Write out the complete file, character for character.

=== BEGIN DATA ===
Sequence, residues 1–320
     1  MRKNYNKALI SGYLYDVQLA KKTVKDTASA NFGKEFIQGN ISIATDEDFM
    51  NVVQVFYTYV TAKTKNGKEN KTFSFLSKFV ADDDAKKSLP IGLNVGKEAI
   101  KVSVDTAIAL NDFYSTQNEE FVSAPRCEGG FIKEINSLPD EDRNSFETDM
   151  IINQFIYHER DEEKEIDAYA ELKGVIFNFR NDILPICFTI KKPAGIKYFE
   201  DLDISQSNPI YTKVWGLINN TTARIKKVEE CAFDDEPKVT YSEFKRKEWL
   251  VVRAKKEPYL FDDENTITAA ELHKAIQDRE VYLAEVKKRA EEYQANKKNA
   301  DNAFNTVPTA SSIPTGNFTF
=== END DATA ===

Sequence, residues 1–320
     1  MRKNYNKALI SGYLYDVQLA KKTVKDTASA NFGKEFIQGN ISIATDEDFM
    51  NVVQVFYTYV TAKTKNGKEN KTFSFLSKFV ADDDAKKSLP IGLNVGKEAI
   101  KVSVDTAIAL NDFYSTQNEE FVSAPRCEGG FIKEINSLPD EDRNSFETDM
   151  IINQFIYHER DEEKEIDAYA ELKGVIFNFR NDILPICFTI KKPAGIKYFE
   201  DLDISQSNPI YTKVWGLINN TTARIKKVEE CAFDDEPKVT YSEFKRKEWL
   251  VVRAKKEPYL FDDENTITAA ELHKAIQDRE VYLAEVKKRA EEYQANKKNA
   301  DNAFNTVPTA SSIPTGNFTF